To give Calmgrove some fun, and because we know he doesn’t read ebooks, here’s Gert’s answer to Boris Johnson in the form of Alastair Endacott, Minister for Ageing under Prime Minister Flattley. Endacott has been very reluctant to move from the Ministry of the Arts to Ageing:
” Just between you and me, he’s not dealing with the change from Arts to Ageing. Seems to think it’s a demotion.’
‘I saw him on “Challenge” last night,’ said Tim. ‘I don’t think that joke about Mother Theresa and Picasso will go down all that well with our demographic.’
‘I don’t want to know, Tim. Just see if you can keep him on the rails today.’
[Flattley] put the phone down and went to the window. Speak of the devil, down below in the Members’ courtyard he could see the flamboyant yellow hair of Alastair Endacott. The last person he wanted as Minister for Ageing, but you had to make some trade-offs, and the Left had said it was their turn to have Arts and the Right had pushed for Endacott to get Ageing because there were a lot of perks there. Better than Arts, really. Not that Endacott seemed to think so.
‘The old buggers are pretty well immortal,’ Endacott had said. ‘Let me tell you, Ian, I’ve had a look at the figures and they aren’t pretty. Do you know how many of them there are going to be out there in ten years, at this rate? A fortiori, we have to make some cuts.’
‘You never said that when you were in Arts.’
‘That’s different. A few million here and there to a dance company, that’s peanuts. But we’re talking billions. And, let me tell you,’ – Flattley hated the way Endacott said this, as if anyone had to tell him anything – ‘let me tell you you’re brewing up a firestorm letting them run amok and throw their weight around the way they do. You can talk all you like about Wisdom Partnerships, what about that lot that’s going round beating up kids who don’t stand up for them on the train? And that nightclub that got burnt down because the music went on after 10 o’clock? There’s a rogue element, Ian, let me tell you.’
He hated to admit it, but Endacott was right. Somehow he had to wind back the use of Optiviva if it really was creating all these problems, but the Oldies were so wedded to it – you could almost say addicted – that even his government wouldn’t withstand the backlash that would come from withdrawing it. Maybe he could water it down, take the steroids out. Add a tranquillizer. But whatever he did it had to be handled with kid gloves. The last thing he needed was Endacott shooting his mouth off.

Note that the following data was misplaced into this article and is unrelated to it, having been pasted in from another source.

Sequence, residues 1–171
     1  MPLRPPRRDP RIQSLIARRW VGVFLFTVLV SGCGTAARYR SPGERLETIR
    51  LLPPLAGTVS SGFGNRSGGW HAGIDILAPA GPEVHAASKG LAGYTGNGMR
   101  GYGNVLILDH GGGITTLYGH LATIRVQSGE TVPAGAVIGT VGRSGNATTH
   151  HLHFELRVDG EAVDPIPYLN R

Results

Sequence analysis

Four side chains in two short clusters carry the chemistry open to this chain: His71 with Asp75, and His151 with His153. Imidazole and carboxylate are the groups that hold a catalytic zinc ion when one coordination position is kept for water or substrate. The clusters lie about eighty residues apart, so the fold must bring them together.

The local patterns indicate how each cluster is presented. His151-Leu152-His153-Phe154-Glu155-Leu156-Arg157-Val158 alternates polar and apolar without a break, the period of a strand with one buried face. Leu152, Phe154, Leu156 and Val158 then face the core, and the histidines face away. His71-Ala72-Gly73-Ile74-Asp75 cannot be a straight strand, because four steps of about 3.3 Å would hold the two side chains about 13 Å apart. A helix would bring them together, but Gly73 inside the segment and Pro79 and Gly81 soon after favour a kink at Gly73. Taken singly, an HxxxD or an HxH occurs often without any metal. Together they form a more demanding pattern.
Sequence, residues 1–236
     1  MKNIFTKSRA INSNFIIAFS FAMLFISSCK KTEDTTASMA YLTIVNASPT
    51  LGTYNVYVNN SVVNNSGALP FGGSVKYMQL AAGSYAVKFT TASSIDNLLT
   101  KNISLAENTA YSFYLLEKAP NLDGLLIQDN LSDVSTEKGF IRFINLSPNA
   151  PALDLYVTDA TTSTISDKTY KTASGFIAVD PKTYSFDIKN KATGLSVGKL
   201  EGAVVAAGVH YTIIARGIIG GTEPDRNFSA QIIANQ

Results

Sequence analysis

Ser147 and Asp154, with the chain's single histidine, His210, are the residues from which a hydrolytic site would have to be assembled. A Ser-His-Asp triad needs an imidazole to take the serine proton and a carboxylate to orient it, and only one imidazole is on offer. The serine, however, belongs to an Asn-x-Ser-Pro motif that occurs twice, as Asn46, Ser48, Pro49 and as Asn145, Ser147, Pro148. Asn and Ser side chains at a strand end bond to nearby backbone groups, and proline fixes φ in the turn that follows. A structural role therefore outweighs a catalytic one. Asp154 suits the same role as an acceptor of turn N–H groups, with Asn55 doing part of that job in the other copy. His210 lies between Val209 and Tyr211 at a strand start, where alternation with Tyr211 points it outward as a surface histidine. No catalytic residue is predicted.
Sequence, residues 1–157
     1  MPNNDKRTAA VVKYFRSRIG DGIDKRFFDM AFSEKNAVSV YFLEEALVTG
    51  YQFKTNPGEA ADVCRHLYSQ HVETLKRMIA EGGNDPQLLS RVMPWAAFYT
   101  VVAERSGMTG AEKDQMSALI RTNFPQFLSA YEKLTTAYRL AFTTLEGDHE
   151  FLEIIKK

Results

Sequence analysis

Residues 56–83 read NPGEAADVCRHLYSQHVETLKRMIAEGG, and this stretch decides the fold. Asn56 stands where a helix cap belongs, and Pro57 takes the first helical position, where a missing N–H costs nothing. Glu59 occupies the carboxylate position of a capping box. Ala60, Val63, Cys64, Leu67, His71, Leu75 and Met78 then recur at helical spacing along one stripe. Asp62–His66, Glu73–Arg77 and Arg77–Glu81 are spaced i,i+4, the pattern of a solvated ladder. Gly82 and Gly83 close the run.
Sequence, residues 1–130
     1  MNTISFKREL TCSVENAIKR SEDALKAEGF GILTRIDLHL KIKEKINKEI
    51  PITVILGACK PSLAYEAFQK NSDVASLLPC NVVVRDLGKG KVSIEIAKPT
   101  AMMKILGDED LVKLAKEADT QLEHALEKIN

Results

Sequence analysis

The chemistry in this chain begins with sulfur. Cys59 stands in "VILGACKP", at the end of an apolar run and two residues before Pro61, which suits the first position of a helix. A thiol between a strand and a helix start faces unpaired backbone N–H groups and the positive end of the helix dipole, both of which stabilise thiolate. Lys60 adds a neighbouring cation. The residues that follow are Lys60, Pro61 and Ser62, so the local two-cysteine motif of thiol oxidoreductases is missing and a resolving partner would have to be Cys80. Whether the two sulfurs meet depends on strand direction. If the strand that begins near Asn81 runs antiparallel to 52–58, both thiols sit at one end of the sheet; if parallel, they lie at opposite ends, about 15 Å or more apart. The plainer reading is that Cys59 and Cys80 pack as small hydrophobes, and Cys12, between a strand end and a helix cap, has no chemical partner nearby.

Yet again he cursed the concessions he’d had to make that let this idiot have the Ageing portfolio. It didn’t matter that he was an idiot, that could be managed, and all the better if a Minister was a bit dim. He just loved the sound of his own voice too much. He would never have got where he was without his father’s influence. He’d become a bit of a joke with his rumpled suits and childish mop of yellow hair. Hippo, the press called him. They loved to catch him on the back foot, presenting his enormous bottom as he attempted to gather cabinet papers blowing along the pavement outside his office, or leering down the cleavage of the Lady Mayoress as they crawled into a taxi. “Oooh, naughty Hippo.” So far it had all been mildly affectionate and the Oldies still felt the Department was on their side. But Hippo needed to keep his mouth shut. Those braying patrician tones, the little quotes in Latin, and that snorting throat-clearing noise he made without seeming to be at all aware of it could become a real problem if the wind changed for the government. He reached for his phone again and summoned Endacott.
‘Now Alastair,’ he said as the Minister eased his plump form into an armchair, ‘you may be right about a rogue element among the Oldies, but I don’t want you talking out loud about it. Diplomacy, charm, that’s what we need here.’
‘I think you should come down hard on them, Ian. Cut off their privileges. No Oldies have ever had it so good.’
That was the trouble with Alastair having been to an elite private school. Always wanting to “come down hard”. It had made him most unpopular in the Arts community.
‘No, Alastair. That’s just what we don’t want to do. My father had a saying from his days in the tropics: Softlee, softlee catchee monkey.’
‘What monkey? I don’t see how this is relevant here, Ian. Nulla poena sine lege, you know.’
‘I’m just telling you Alastair,’ Ian allowed a tinge of steel to come into his voice, ‘we watch and wait. Charm and diplomacy. I want you over at Florence Packer today to open the Caring Caravan. Sit in on the Wisdom Partnership meeting this evening. We’ll get some Press there.’
‘Couldn’t I send David, or Marian?’ said Endacott. ‘I am the Minister. I’ve got better things to do than sit round drinking tea with a lot of Oldies. Besides, I have a dinner engagement tonight.’
That wouldn’t work. Alastair had a dinner engagement every night.
‘I’m sure you can re-schedule in the interest of the constituents,’ he paused, ‘and your career.’
Even Endacott could see there was no way out. He sighed.
‘All right then. What exactly am I supposed to do?’
‘Get the feel. The mood. This is a key group. Florence Packer is a flagship for our Health Ageing strategy. See if you can identify any troublemakers. Don’t antagonize them, though, Alastair.’
‘Oh, all right.’ Endacott made his harrumphing throat-clearing sound. ‘I will attend, at my most alert and discreet. Meliora cogito.’
And with a superior smile he got to his feet, attempted to do up the button on his suit, and took his leave.
The Art Of The Possible